My inability to afford much, however, was greeted with the relief of bottomless beer provided by Gilgamesh Brewing and Columbia Distributing (thank you for loosening us all up!). I Mamba’d it up. And so did everyone else, apparently, as Gilgamesh blew all three of their kegs before dinner even started. Thirsty Thursday, indeed! They also offered wine and bottled beer for a fee, as well as “themed” hard alcohol drinks named after each school mascot.
As the silent auction came to a close, people slowly filtered into the grand dining hall to sit at our assigned tables. The Beaver and Duck mascots mingled with guests…the Duck being his usual flirtatious and mischievous self (I received an extended hug and a bashful look while my date merely got a brief handshake, hah!). Oh, to be the man behind the mask….I digress.
The catering crew served salad and dinner rolls while a marching band amped up the already buzzed and happy crowd with fight songs, and the U of O cheerleaders performed their routines as entertainment.
The evening started off so well; good food and good company, and every time our wine bottles at our table were emptied, a full one magically replaced it almost immediately. The salad and rolls were surprisingly delicious despite appearing so simple. The live auction began as dinner was served; each guest had a choice of entrée, but we received our previously-chosen steak dinners, and we weren’t complaining. The steak was near-perfect and the potatoes and vegetables were just the right complement. I was extremely impressed with the catering company (unfortunately I am not privy to who catered the event!); good food and good service all around. Cheers!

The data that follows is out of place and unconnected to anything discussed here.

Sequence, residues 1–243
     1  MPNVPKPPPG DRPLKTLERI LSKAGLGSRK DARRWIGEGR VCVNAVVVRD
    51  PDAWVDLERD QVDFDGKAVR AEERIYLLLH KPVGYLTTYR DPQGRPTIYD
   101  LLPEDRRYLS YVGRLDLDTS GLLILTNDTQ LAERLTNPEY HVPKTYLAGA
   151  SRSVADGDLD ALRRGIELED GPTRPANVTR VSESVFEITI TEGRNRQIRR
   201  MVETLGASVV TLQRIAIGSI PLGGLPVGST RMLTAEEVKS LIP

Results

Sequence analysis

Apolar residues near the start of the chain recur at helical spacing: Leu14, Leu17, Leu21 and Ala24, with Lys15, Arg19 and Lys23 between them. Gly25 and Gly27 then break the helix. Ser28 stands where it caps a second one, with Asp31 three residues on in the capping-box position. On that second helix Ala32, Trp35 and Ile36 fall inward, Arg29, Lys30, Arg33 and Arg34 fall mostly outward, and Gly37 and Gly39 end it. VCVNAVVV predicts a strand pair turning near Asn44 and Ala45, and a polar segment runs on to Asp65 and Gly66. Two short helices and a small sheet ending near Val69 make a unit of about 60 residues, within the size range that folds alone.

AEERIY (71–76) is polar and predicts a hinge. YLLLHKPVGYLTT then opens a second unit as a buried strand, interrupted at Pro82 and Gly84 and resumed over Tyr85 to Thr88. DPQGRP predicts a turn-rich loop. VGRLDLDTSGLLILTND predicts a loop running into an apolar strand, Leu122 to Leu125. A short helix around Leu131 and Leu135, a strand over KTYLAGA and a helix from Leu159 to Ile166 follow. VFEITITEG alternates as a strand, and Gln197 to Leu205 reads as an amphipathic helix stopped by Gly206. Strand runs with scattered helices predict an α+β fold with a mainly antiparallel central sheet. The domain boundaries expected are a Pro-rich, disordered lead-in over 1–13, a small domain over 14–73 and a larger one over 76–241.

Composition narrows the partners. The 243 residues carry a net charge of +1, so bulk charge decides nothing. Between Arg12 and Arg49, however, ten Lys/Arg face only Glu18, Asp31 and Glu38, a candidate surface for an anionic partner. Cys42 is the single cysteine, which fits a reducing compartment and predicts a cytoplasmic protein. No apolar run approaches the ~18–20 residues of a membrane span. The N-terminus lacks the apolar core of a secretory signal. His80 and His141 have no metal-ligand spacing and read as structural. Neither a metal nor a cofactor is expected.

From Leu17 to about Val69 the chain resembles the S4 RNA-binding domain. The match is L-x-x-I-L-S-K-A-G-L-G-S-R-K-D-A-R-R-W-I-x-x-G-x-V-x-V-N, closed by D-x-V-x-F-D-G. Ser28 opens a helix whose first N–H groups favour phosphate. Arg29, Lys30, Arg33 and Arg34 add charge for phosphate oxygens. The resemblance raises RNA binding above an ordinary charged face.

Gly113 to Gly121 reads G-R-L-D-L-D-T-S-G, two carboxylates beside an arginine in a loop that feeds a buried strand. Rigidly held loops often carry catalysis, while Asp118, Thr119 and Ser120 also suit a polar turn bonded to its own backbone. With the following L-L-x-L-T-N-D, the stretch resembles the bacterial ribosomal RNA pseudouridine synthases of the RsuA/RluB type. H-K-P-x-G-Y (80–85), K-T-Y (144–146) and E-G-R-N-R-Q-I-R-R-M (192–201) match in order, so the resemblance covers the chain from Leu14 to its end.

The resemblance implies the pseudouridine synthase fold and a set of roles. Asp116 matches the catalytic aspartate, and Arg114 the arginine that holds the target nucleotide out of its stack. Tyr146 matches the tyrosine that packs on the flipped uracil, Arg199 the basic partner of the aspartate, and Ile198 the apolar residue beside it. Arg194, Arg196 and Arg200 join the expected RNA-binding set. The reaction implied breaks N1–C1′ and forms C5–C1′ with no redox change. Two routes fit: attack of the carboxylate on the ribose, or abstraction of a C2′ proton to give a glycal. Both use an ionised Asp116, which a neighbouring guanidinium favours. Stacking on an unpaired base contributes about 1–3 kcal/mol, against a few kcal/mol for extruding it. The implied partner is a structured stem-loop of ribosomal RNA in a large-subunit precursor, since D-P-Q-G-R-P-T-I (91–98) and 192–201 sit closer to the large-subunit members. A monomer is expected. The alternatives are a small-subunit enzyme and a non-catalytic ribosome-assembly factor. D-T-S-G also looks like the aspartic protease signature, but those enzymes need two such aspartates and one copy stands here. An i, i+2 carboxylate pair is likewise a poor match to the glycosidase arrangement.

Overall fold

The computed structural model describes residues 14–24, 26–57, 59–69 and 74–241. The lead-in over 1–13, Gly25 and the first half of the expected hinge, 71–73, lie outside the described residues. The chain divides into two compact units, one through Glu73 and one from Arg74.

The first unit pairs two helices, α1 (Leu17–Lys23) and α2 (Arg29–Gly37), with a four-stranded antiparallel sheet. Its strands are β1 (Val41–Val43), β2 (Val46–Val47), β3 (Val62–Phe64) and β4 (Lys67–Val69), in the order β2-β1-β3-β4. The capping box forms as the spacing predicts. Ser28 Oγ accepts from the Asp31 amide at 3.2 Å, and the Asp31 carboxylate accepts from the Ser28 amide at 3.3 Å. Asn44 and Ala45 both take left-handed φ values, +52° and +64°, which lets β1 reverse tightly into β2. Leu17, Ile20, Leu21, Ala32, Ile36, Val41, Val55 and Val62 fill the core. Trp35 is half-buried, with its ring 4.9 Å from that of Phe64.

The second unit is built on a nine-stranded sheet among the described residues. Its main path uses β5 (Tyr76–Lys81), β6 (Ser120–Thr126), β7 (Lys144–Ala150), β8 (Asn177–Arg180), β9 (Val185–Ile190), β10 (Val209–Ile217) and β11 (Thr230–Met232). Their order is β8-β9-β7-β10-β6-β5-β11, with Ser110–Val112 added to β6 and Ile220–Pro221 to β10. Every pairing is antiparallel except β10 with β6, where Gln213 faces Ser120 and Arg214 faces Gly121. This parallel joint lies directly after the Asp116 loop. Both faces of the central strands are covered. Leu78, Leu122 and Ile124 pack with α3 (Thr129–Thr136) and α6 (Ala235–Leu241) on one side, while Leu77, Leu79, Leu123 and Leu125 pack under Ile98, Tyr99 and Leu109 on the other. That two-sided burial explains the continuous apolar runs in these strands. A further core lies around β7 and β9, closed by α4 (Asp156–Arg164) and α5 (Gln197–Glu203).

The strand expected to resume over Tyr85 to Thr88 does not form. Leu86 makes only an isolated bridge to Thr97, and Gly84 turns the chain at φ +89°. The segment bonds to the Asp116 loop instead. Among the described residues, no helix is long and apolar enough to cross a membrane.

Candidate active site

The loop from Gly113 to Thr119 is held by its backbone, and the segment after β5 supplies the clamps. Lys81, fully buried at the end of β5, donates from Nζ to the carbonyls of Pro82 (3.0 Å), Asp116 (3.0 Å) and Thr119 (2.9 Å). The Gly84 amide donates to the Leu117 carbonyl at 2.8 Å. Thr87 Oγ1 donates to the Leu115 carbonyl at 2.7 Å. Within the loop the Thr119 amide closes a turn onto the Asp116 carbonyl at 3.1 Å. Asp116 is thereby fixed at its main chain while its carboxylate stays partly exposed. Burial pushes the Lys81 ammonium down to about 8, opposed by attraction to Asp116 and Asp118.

Our auctioneer wore a classic black and white referee shirt and began rattling off bids and asking for higher and higher amounts, exciting the crowd while most of us stuffed our faces after our bid ceiling maxed out. The first live auction item: a tray of martinis to be served to the winner, which ended up going for $400. (To the winner, I hope they were the best $40 martinis you’ve ever had!) And the event took off, only becoming more rousing and frantic as the bidding wars increased over more and more attractive auction items. I was sad to be unable to participate in the fun, but it really was wonderful to see how others really committed to the cause, going above and beyond the worth of the items in order to pay it forward to the Boys & Girls Club. The goodwill and comradery was contagious. One friendly lady at our table had her bidding number sign taken away from her by her friends after she bid $500 on an item, then immediately bid $750…back to back…against herself. We couldn’t stop laughing. She exclaimed, “But I’m getting the crowd worked up! It makes it fun!” and we only laughed harder. Such a good sport.